At all the book readings so far I’ve been asked by another mother: “How did you overcome the shame?” The mom shame, specifically. You see, there’s a special kind of shame for moms who drink. Because it flies in the face of nature, of our instincts, of what is perceived to be most holy and imperative in our roles as nurturers, as caretakers, as *mothers*. As my friend said in my early days, there’s s special kind of vitriol saved for moms who drink.
This is how:
I listened to other women.
I talked more.
I wrote more.
I listened more.
I didn’t stop writing or talking.
I stopped seeking acceptance from those who hadn’t been there.
In other words, I stopped hiding. I put a voice to my story so that I could understand my story — it was in the talking and the writing that I came to the understanding, not before.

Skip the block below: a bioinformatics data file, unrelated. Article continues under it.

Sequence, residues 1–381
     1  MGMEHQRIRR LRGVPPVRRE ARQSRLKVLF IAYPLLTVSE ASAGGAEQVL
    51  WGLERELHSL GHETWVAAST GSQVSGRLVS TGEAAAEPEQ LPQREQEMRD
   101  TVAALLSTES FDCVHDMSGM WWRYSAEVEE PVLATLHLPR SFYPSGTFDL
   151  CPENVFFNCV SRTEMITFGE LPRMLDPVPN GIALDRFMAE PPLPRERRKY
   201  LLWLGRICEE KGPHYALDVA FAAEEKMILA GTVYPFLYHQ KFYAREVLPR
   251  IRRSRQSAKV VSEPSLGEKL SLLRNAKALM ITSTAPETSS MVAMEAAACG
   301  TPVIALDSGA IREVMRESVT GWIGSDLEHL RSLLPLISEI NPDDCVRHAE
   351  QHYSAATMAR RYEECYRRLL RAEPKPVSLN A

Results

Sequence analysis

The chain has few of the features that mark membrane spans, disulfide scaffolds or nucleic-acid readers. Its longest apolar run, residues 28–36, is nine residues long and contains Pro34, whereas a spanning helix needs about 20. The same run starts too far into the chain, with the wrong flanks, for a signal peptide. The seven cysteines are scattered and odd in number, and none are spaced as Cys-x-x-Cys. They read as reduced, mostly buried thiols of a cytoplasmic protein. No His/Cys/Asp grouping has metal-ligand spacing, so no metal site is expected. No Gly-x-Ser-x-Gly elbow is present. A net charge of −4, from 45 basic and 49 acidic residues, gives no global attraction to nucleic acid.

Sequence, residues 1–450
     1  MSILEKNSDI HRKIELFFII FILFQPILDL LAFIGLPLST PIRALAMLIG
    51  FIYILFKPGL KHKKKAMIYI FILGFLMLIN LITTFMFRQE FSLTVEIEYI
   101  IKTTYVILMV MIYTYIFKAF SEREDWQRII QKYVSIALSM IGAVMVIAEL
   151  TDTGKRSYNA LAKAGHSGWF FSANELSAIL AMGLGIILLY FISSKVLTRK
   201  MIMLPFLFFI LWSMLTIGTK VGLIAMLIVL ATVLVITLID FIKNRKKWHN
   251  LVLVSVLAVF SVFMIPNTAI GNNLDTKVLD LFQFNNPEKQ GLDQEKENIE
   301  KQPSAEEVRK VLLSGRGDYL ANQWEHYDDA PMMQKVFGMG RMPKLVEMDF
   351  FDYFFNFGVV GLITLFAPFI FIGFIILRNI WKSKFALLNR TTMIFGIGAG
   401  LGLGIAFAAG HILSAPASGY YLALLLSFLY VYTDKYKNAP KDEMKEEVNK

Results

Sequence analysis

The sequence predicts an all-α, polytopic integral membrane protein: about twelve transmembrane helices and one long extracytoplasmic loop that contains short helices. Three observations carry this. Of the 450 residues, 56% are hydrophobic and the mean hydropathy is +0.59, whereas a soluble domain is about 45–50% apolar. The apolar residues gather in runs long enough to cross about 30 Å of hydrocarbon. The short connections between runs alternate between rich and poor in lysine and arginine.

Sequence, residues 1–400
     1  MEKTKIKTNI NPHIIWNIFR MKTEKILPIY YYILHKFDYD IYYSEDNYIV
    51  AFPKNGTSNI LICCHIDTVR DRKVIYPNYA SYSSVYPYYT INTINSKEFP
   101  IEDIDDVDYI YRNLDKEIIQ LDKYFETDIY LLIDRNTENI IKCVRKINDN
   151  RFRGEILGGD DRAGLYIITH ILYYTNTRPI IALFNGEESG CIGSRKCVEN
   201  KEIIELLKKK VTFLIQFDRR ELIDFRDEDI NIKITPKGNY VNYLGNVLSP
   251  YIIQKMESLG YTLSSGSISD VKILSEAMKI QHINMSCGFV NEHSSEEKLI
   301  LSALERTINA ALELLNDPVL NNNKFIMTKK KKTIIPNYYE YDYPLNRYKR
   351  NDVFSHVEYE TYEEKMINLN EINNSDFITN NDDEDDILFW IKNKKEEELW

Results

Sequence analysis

My book opens with the worst scene from my drinking, from my most painful moment as a mother, for a reason. While I want anyone who wants or needs this book to read it, I specifically want to speak to you, the mother, who thinks she is the absolute worst. I opened with that sentence because I want to look you in the eye, take you by the hand, and say, “YOU. I’ve got you. This is where we’re going now.
@brenebrown said, “Shame needs three things to grow exponentially: secrecy, silence, and judgment.” I can’t make you talk, but I can promise you that in my eyes, there is nothing but compassion. Nothing counts you out. No judgment.
I love you. I root for you. Keep going.